Farm law protests: Farmer unions call for Bharat Bandh on March 26
They also announced a week-long plan to mark the completion of four months of their stir.
Farmer unions on Wednesday called for a countrywide strike, or Bharat bandh, on March 26, the day their protest against the three farm laws at Delhi’s borders completes four months, reported PTI.
Farmer leader Buta Singh Burjgill said the farmers, along with trade unions, will also protest against the increase in fuel prices and privatisation of Railways on March 15. “We will observe a complete Bharat bandh on March 26, when our protest against the three farm laws completes four months,” he said. “The peaceful bandh will remain effective from morning till evening.”
Burjgill said that they will also observe “Mandi Bachao-Kheti Bachao [save markets, save farming]” day on March 19. The farmer unions will celebrate “Shaheedi divas” (martyr’s day) of Bhagat Singh, Rajguru and Sukhdev, Burjgill said. The event falls on March 23. The farmers will also burn copies of the farm laws during Holika Dahan on March 28.
The farm laws protest
Tens of thousands of farmers, mostly from Punjab, Haryana and Uttar Pradesh, have been camping at Delhi’s border points for more than 100 days, seeking the withdrawal of the agricultural laws passed in September. Farmers’ unions have also been organising “mahapanchayats” or farmers’ conclaves to mobilise support for the protest.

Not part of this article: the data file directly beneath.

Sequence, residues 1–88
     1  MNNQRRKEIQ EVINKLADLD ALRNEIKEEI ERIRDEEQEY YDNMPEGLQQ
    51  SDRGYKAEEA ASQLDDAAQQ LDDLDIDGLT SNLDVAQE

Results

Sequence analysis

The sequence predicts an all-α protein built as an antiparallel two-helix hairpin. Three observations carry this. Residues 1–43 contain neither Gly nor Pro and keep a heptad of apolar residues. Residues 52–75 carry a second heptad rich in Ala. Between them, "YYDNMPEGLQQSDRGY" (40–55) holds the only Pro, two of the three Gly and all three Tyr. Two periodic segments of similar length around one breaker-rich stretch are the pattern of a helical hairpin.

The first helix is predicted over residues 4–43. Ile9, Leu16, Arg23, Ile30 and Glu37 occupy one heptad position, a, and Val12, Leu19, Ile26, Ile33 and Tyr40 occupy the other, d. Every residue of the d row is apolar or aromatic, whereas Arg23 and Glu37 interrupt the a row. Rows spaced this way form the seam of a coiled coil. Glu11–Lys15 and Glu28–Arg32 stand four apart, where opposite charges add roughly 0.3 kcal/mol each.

The farmers’ protests had largely been peaceful but violence erupted on January 26, when a tractor rally planned to coincide with Republic Day celebrations turned chaotic. More than 100 protestors were arrested in connection with the violence and several went missing.
The farmers believe that the new laws undermine their livelihood and open the path for the corporate sector to dominate agricultural. The government, on the other hand, maintains that the new laws will give farmers more options in selling their produce, lead to better pricing, and free them from unfair monopolies. The laws are meant to overhaul antiquated procurement procedures and open up the market, the government has claimed.